Why are you not losing weight?

You appear to be doing everything right but the scales are stuck. I know from experience just how frustrating it can be so let’s have a look at some of the most common reasons people struggle to lose weight.

You’re eating too much

Research has shown that most of us underestimate the number of calories we consume. Do you know what a standard portion size is? Are you counting all of the incidentals such as the three lattes you had, the extra piece of bread or the large dollop or salad dressing? Food that is often perceived as healthy can contain hidden calories. Fruit juice, for example, is great for a health boost but is packed with sugar. Make sure you know exactly what you’re eating by checking the labels on your food or buy a calorie counter.

You’re not eating enough

When you’re trying to lose weight many people make dramatic changes to their diet, often cutting right down on calories. While it’s true that we need to consume fewer calories than we burn in order to lose weight, lowering your calorie intake too far can have the opposite effect. Your body enters starvation mode and starts to store fat. You also lose muscle mass which slows down your metabolic rate.

Not enough exercise

The Government’s Physical Activity guidelines recommend 150 minutes of moderate intensity cardio such as fast walking or cycling, as well as strength training on two days of the week. To lose weight you need may need to be doing more.

Add higher intensity cardio such as interval training sessions to your workout schedule. It’s also important to include strength training to build lean muscle. The greater your muscle mass, the faster your metabolism. Focus on compound exercises which work more than one muscle group such as deadlifts. Isolation exercises such as biceps curls and triceps dips are fine for adding definition but if you want to burn fat you need to work the bigger muscles.

How are you measuring?

Although getting on the scales can give you an indication of what’s happening with your weight, it’s certainly not the best measure. Muscle is a more dense tissue than fat. If you’re losing fat but gaining muscle, the scales may not even change. A better way to measure might be to use a tape measure, buy a bodyfat monitor or judge according to the way your clothes fit.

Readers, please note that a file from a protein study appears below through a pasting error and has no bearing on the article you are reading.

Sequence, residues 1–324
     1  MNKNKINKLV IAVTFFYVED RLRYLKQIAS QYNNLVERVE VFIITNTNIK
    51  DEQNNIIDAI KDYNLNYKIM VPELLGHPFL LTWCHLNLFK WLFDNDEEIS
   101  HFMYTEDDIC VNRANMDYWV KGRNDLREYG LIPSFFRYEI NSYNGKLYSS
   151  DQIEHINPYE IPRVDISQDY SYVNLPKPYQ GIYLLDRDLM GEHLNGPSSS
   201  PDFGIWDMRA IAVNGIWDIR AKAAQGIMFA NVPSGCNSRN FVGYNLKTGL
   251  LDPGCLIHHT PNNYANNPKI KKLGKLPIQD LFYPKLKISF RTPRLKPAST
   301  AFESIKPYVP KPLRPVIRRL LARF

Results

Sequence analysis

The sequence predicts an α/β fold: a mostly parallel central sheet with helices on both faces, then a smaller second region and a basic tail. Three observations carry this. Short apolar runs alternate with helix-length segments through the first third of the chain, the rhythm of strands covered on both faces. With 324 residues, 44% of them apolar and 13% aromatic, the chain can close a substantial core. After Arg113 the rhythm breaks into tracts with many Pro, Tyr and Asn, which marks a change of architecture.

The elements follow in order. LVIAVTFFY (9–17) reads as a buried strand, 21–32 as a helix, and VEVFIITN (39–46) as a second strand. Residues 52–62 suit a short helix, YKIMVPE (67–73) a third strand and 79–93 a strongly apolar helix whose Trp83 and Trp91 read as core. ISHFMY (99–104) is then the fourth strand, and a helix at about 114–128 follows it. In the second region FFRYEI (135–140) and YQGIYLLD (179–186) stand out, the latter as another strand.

Inconsistency

When most people decide to lose weight they deprive themselves of all the things they love to eat. This makes them miserable, they start thinking about food all the time and then splurge, gorging themselves on all the forbidden goodies.

Don’t think about being on a diet but make sustainable changes to the way you eat such as swapping your morning biscuit for a piece of fruit or having salad instead of chips. It’s the same with exercise. Having a huge workout once a week is better than nothing but scheduling five smaller workouts during the week will lead to much better results.

Unrealistic expectations

The length of time it takes to lose weight varies from person to person. Some people see immediate results. Others take longer. Don’t get disheartened if you’re not losing weight as quickly as you’d hoped. It could be a long process but that doesn’t mean it isn’t going to happen.

Men usually lose weight more quickly because they have more lean muscle mass due to higher levels of testosterone. Generally, the older you are, the harder it is to lose weight. It’s the same if you have less weight to lose in the first place.

Health issues

There are many medical conditions which could be preventing you from losing weight such as an underactive thyroid or polycystic ovary syndrome (PCOS). Even stress can hinder weight loss. While under stress the body produces the hormone cortisol, which promotes the storage of fat. If you’re doing everything right and still can’t lose weight you should consider getting checked out by a doctor.

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